Q: I made a PRA request to the School District for gender breakdowns on student performance. After nine business days, I receive an email reply from a law firm seeking “clarification” on about fifty percent of the items. The clarifications requested are not necessary; they are stalling. And they do claim to have approximately half of the items but they did not provide such. The lawyer also claims that due to “reduced staff” they cannot provide me with a time estimate when the documents will be ready.
A: When an agency receives a request for public records, it has ten days (and fourteen extra in statutorily-defined “unusual circumstances”) to determine whether the request seeks copies of disclosable records, and to either disclose them or cite an applicable exemption and its reasoning why that exemption applies. Cal. Gov. Code § 6253(c). When an agency determines records are disclosable, it is required to provide an estimated date and time when the records will be made available. § 6253(c). Further, § 6253(d) provides “Nothing in this chapter shall be construed to permit an agency to delay or obstruct the inspection or copying of public records.” § 6253(b).
Although the CPRA provides deadlines for agencies to make their initial determination, the law only requires that the records themselves be made “promptly” available at some point after that determination is made. What constitutes a “prompt” response is not defined in the CPRA, but reviewing courts have questioned whether a delay of only one month is reasonable. Marken v. Santa Monica-Malibu Unified Sch. Dist., 202 Cal. App. 4th 1250, 1268 n.14 (2012).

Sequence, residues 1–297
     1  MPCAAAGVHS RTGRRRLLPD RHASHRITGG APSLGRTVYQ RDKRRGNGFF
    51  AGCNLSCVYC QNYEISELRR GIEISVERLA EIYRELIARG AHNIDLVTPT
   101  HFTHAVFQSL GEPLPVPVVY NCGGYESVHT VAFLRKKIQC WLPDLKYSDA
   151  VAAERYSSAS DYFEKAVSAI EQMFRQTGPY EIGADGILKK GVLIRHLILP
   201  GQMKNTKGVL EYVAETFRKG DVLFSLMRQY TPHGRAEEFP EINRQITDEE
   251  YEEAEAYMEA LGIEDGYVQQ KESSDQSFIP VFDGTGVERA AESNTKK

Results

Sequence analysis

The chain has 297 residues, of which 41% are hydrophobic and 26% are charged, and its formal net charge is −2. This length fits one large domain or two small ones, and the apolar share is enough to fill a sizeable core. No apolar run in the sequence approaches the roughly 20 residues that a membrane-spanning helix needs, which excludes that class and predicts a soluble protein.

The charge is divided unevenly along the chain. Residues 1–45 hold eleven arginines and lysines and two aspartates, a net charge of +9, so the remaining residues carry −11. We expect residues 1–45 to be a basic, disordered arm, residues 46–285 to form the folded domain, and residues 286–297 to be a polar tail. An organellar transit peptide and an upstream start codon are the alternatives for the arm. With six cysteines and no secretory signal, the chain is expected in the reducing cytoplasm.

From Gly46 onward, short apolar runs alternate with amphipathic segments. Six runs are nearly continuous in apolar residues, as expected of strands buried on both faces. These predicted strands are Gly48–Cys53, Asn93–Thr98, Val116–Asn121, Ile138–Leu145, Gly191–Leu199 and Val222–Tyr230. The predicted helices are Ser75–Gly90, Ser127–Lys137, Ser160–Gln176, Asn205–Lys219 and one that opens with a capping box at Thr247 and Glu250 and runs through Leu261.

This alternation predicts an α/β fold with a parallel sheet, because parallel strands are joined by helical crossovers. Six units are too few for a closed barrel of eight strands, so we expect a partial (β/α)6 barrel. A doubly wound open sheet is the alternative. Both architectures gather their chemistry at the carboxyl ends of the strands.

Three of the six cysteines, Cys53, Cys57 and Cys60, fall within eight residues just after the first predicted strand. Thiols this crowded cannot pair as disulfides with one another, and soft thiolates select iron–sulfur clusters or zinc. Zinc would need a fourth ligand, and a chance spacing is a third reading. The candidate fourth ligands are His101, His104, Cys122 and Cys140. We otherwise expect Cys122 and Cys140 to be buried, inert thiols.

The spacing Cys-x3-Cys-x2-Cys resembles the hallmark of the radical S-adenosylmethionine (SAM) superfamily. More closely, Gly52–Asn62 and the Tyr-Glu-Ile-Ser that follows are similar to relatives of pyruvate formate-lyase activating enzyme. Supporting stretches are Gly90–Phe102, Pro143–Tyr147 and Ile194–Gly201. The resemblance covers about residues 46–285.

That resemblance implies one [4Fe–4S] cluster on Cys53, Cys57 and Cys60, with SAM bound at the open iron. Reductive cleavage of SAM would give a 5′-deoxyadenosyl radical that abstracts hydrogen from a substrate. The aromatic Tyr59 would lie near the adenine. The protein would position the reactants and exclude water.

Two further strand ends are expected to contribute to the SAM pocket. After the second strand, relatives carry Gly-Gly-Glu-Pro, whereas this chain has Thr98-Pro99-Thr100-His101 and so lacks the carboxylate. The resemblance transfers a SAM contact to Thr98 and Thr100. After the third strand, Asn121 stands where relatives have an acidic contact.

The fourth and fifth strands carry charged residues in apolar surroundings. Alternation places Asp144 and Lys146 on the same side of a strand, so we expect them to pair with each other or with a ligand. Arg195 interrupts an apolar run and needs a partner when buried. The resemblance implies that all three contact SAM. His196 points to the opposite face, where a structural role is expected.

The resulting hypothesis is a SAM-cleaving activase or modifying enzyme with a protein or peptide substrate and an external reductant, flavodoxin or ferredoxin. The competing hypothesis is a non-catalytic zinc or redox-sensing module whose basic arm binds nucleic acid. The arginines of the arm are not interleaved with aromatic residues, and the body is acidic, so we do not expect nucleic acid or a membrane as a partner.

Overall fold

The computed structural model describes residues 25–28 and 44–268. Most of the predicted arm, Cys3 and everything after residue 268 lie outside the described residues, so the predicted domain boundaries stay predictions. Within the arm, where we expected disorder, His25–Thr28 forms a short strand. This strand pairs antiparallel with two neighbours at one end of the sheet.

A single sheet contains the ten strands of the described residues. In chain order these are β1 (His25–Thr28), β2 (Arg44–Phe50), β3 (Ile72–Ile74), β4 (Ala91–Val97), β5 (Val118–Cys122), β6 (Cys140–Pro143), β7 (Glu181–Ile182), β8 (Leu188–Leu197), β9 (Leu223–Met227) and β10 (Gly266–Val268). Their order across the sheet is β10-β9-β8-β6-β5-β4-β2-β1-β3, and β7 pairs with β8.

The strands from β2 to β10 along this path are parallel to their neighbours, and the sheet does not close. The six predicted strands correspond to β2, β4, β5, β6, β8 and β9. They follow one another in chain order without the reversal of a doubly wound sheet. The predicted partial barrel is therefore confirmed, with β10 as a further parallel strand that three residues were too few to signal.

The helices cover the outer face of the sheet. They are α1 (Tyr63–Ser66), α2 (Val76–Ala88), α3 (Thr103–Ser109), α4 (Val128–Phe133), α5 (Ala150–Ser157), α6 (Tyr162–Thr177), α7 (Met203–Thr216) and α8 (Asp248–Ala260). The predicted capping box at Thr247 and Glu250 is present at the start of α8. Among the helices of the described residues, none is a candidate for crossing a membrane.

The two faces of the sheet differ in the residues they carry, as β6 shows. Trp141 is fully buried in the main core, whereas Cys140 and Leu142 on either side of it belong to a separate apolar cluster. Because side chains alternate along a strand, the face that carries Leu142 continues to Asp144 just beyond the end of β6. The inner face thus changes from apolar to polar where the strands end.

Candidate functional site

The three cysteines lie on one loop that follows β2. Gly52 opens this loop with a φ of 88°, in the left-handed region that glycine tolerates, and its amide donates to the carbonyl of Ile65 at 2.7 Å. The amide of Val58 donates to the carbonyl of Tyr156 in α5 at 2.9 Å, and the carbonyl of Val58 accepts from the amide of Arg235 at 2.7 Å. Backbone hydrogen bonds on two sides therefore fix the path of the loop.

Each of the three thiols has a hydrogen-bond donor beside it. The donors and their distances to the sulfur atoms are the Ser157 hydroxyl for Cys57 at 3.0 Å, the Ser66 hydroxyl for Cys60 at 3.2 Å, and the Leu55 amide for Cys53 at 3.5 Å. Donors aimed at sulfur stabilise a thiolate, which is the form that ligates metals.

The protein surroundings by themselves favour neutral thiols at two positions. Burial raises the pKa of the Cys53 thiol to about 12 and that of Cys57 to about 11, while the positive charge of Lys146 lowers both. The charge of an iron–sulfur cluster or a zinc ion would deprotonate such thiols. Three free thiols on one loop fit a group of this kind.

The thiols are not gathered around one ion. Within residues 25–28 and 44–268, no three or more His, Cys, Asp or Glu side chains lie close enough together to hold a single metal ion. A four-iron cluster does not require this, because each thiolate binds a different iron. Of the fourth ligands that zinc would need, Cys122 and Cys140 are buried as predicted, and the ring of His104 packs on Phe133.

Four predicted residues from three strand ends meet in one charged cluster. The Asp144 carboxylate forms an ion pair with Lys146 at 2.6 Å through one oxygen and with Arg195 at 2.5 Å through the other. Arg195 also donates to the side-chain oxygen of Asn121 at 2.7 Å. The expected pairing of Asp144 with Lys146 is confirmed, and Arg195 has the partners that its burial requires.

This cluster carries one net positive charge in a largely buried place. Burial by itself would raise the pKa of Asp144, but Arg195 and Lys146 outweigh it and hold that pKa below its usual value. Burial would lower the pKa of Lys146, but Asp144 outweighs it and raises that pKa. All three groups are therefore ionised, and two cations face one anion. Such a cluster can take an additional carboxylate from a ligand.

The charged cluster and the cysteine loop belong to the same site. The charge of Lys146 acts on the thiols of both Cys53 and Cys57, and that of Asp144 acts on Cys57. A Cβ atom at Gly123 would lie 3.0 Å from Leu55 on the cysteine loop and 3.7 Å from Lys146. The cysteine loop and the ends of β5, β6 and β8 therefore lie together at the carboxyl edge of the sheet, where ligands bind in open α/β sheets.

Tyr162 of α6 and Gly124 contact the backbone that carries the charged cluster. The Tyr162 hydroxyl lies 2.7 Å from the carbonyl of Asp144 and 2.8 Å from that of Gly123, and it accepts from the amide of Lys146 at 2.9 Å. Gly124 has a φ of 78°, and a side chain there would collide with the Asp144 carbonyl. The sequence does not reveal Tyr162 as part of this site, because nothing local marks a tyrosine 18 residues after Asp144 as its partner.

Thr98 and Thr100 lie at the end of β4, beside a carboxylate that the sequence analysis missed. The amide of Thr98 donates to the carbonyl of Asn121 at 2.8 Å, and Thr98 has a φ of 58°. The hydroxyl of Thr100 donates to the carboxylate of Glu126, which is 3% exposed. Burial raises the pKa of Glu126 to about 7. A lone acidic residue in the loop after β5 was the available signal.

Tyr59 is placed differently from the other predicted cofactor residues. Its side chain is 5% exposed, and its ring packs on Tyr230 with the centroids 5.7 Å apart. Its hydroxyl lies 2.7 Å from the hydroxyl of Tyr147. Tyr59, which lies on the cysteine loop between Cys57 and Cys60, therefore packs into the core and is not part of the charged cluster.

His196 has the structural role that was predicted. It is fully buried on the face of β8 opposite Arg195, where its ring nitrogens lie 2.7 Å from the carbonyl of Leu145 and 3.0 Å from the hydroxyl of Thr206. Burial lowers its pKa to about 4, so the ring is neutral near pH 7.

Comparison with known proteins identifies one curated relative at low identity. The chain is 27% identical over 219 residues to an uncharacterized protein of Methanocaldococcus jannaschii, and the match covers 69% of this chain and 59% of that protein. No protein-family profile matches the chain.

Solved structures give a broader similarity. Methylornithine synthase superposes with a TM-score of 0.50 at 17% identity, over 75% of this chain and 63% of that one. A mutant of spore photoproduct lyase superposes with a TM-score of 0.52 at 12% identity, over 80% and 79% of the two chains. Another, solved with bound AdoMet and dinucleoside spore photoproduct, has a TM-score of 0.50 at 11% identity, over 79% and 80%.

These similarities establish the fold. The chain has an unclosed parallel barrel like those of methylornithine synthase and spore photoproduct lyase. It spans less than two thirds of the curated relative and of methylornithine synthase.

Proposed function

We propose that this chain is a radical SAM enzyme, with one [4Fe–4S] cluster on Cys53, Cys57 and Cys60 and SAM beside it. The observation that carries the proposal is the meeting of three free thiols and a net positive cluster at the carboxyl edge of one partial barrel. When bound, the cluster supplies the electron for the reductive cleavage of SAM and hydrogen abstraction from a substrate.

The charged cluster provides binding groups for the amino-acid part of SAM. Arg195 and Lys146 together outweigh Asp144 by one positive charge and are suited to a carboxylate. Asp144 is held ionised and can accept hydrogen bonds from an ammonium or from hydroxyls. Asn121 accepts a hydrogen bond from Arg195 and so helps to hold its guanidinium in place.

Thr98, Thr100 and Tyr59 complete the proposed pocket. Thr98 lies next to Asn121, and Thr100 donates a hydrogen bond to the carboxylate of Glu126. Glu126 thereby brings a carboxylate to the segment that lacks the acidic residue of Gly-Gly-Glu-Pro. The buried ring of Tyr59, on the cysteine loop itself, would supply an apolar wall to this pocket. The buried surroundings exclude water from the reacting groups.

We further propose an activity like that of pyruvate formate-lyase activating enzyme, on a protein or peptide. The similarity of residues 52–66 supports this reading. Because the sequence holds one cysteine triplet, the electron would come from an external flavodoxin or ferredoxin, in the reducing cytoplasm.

While it is no doubt frustrating that the school district is taking its time in responding to your CPRA request, it is, unfortunately, not uncommon for government agencies to miss the CPRA’s deadlines. In this situation, you may wish to write back to the law firm and remind it of the statutorily-set deadlines for the school district’s response.DS
More information about the CPRA, including your options for enforcement, can be found here.
Bryan Cave Leighton Paisner LLP is general counsel for the First Amendment Coalition and responds to FAC hotline inquiries. In responding to these inquiries, we can give general information regarding open government and speech issues but cannot provide specific legal advice or representation. No attorney-client relationship has been formed by way of this response.